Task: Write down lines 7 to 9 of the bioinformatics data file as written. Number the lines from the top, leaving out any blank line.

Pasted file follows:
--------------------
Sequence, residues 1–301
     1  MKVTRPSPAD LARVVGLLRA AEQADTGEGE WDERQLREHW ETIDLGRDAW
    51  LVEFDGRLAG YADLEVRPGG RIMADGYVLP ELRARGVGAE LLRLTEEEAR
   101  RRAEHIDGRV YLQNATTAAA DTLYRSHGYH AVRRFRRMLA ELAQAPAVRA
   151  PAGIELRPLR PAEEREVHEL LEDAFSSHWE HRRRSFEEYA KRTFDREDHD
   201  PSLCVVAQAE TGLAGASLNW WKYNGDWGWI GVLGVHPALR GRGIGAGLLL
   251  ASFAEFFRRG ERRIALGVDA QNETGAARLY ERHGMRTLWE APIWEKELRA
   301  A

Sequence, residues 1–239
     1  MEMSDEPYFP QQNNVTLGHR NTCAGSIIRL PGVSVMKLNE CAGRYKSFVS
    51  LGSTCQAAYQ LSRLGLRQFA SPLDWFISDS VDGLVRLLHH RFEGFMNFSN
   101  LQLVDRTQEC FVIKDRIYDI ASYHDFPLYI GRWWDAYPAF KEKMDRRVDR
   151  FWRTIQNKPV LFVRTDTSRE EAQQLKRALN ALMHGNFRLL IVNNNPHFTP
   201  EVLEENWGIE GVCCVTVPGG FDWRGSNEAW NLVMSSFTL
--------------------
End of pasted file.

   251  ASFAEFFRRG ERRIALGVDA QNETGAARLY ERHGMRTLWE APIWEKELRA
   301  A

Sequence, residues 1–239